The four stages of happiness: anticipate, savor, express, and reflect.

We’ve all heard Dr. Kublher-Ross’s stages of grief: shock, denial, anger, bargaining, depression, testing, and acceptance.

I’ve been thinking about the four stages of happiness – really, the stages of appreciating a particular happy moment.

My research has shown me that a key to happiness is squeezing out as much happiness as possible from a happy event. Unhappy people don’t have fewer happy experiences as happy people, they just think about them less.

To get the most bang for the happiness buck, I’ve realized that I should complete four stages of reveling in a moment of happiness:

 anticipate with pleasure,
 savor the moment as I experience it,
 express my happiness to myself or others, and
 reflect on a happy memory.

(I wish that I could get these four stages to spell out LIFT or GRIN or some clever mnemonic – any ideas?)

I’ve already done quite a bit of thinking about reflecting on happy memories. Nowadays, I spend more time on things like photo albums, making videos, and organizing mementos, because I realize what a happiness boost these reminders can provide.

But I hadn’t thought much about anticipation until the last few weeks. If anything, I think I discouraged myself from anticipating a happy moment – either out of some kind of superstitious fear that I’d be “jinxing” it, or by trying to keep myself from feeling disappointed if the anticipated moment didn’t happen.

That’s foolish. First, “jinxing” is superstition. Second, why squelch present happiness from some attempt to manage my future feelings? Such a disappointment wouldn’t be a crushing blow, and I’m depriving myself of the joys of anticipation.

This issue caught my attention last week, because I noticed that I had a week of good things. By chance, every day included something that I was really looking forward to doing. These events were hardly monumental – one was nothing more exciting than watching the new Sopranos episode.

But I noticed what a lift I got, each time I glanced through my calendar (which I do about 45 times a day).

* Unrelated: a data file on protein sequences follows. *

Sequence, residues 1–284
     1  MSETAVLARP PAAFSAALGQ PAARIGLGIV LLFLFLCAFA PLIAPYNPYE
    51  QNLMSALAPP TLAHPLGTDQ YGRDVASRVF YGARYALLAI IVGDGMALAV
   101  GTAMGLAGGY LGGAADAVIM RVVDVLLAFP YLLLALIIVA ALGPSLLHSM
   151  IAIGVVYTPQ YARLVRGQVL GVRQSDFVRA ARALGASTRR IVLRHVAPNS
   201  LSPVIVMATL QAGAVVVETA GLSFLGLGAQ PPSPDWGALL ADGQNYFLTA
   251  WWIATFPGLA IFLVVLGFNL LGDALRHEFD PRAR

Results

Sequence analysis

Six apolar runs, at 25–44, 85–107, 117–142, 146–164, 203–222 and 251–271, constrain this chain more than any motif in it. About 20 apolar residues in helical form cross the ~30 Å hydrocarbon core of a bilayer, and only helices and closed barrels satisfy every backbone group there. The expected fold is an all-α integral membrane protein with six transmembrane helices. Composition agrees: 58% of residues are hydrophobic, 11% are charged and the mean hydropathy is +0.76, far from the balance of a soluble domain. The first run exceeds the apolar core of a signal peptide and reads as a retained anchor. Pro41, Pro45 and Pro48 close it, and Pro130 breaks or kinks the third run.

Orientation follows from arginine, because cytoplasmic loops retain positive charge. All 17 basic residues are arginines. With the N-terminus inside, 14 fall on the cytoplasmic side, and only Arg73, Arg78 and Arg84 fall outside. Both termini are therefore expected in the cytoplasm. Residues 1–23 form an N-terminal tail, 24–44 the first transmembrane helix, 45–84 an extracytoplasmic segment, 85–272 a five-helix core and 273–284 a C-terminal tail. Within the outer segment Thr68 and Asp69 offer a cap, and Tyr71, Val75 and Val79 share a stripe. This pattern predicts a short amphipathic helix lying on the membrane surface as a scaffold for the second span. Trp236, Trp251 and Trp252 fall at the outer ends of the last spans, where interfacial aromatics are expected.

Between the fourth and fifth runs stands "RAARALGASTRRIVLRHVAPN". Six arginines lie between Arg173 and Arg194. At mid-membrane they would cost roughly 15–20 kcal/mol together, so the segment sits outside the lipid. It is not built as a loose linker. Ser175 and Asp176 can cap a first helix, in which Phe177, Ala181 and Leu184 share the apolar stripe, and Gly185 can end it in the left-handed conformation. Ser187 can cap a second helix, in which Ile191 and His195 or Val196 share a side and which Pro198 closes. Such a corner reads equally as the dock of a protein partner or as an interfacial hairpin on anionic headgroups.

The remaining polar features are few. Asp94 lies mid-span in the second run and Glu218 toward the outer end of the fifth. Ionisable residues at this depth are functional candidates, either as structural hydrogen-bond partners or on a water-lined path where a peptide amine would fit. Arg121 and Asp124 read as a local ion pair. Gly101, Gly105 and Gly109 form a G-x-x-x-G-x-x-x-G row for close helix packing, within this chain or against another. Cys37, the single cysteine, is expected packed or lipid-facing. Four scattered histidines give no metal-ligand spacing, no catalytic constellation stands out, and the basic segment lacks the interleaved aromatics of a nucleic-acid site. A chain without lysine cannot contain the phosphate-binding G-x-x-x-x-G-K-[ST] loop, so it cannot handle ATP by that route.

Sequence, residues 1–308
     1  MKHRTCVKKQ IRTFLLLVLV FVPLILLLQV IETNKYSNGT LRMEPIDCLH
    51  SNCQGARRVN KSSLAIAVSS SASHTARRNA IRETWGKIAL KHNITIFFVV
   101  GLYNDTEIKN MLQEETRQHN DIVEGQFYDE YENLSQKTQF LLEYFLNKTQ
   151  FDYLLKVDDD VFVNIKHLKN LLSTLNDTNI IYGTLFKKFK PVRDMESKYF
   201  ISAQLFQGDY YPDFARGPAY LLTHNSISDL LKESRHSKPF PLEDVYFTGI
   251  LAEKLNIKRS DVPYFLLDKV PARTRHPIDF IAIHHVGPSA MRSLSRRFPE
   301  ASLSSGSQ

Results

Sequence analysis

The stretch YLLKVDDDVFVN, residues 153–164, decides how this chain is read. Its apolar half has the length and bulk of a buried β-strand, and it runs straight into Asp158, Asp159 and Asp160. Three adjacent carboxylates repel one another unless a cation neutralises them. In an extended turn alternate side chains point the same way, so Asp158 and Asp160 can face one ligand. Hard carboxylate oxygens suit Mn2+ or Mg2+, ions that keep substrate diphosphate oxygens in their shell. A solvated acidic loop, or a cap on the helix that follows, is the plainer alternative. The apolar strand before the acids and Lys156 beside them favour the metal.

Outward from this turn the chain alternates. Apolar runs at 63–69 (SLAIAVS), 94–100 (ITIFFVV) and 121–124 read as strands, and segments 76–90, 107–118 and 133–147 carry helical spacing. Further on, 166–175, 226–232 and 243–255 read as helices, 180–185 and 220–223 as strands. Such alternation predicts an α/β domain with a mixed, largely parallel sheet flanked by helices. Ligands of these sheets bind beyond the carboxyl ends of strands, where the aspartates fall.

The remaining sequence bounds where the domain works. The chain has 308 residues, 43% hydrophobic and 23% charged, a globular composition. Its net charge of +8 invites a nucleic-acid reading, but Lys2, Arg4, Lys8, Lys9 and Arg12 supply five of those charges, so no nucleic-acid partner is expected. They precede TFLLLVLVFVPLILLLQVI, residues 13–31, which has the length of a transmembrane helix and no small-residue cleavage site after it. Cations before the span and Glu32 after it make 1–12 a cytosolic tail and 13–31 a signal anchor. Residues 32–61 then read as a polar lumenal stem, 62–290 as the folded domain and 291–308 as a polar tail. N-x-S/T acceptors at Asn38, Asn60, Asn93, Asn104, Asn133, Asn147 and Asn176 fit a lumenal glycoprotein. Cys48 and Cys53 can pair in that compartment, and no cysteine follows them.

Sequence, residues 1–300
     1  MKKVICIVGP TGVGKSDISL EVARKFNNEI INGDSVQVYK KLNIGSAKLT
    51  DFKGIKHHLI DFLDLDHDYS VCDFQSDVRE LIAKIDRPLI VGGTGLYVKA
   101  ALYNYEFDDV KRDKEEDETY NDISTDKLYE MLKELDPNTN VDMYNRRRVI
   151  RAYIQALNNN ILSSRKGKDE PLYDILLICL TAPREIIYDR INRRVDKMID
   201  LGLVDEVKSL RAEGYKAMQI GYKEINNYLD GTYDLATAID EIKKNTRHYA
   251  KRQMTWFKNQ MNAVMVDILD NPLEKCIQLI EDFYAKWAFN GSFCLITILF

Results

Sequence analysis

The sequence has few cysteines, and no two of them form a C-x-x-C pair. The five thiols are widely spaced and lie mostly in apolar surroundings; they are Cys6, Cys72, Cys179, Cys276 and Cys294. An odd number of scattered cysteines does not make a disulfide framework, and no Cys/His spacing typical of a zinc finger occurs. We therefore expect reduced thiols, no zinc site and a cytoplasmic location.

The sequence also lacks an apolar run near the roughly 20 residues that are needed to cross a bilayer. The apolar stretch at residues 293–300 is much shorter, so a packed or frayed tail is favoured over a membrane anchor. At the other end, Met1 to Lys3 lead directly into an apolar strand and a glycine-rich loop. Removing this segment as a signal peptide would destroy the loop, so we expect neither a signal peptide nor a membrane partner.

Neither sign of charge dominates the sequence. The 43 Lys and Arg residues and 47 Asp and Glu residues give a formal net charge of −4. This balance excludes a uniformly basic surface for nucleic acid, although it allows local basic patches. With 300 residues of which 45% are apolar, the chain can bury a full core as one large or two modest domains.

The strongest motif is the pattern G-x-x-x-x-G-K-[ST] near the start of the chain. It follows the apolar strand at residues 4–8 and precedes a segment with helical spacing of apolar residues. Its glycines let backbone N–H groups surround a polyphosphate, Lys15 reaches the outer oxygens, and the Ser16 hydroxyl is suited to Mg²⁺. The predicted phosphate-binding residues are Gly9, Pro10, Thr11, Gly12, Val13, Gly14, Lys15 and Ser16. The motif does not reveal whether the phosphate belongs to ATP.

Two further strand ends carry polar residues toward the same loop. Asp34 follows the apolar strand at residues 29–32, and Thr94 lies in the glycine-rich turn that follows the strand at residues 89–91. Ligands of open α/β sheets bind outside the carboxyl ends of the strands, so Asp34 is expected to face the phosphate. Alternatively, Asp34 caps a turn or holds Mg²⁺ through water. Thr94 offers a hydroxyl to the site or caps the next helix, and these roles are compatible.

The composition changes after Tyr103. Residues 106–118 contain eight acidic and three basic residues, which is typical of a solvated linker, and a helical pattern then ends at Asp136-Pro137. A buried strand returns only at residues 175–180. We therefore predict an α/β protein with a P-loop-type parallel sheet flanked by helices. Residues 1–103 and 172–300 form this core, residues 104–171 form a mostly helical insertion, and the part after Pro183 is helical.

So I’m resolving to do two things to do a better job of reveling in pleasant anticipation.

I’m going to make more of a commitment to plan to do things that give me a happiness boost. I should say to the Big Man, “On Saturday, let’s go to the bookstore to buy books for our trip.” Probably we would do that anyway, but by putting it on the schedule, I can look forward to it — thus increasing my happiness bang for the buck.

Also, I’m going to make an effort to have something to look forward to each day. A spoonful of sugar helps the medicine go down, and coffee with a friend makes it a lot easier to work on the fifteenth draft of my HAPPINESS PROJECT sample chapter.

Other posts you might be interested in . . .

  • http://www.mariahelm.com Maria Helm

    I love a word challenge. I dredged the thesaurus and came up with:
    lite:
    look for
    indulge
    talk
    enshrine
    ease:
    expect/envision
    appreciate
    spread/show
    enshrine
    free:
    forecast
    relish
    enumerate
    enshrine
    happy:
    hope for
    appreciate
    proclaim/profess
    pay tribute/perpetuate
    YES!
    I guess the last one is stretching it a letter, but I couldn’t resist.

  • http://www.ettonim.blogspot.com minotte

    what a clever idea–anticipating happiness to get more bang for its buck. we are so good to anticipate sadness, in fact, we were taught suffering is good.
    i hope you heard about dr. robert holden’s happiness project, too. basically he says, happiness cannot be pursued because it is within all of us already.
    great blog!

  • Anneli

    In the german language there is a sayine: “Vorfreude ist die beste Freude”. Meaning the anticipation of joy is the best joy. I use to think about that a lot. My daughter Sally (16 y) is going through very tough times with a serious heart disease and we plan each day with great care, making sure to put something fun and enjoyable on the schedule. Knowing that tomorrow will bring something good gives us both hope and make the difficulties lighter to bear. Greetings from Sweden and Anneli

  • Jane E.

    How about “STAR” – Schedule it, Taste it, Articulate it, Reflect on it.

  • http://www.slowdownnow.org Christopher Richards

    Often happiness and merriment are confused. I was at a particularly low ebb in my life some 20 years ago. I picked up Edward De Bono’s book, The Happiness Purpose. It helped me.
    These days, I consider myself to be lucky and I am grateful for the life I have. It’s my life and not to be compared to others. I think owning your own experience and being appreciative of what you have is happiness. It is hard to think of yourself as lucky and not be happy.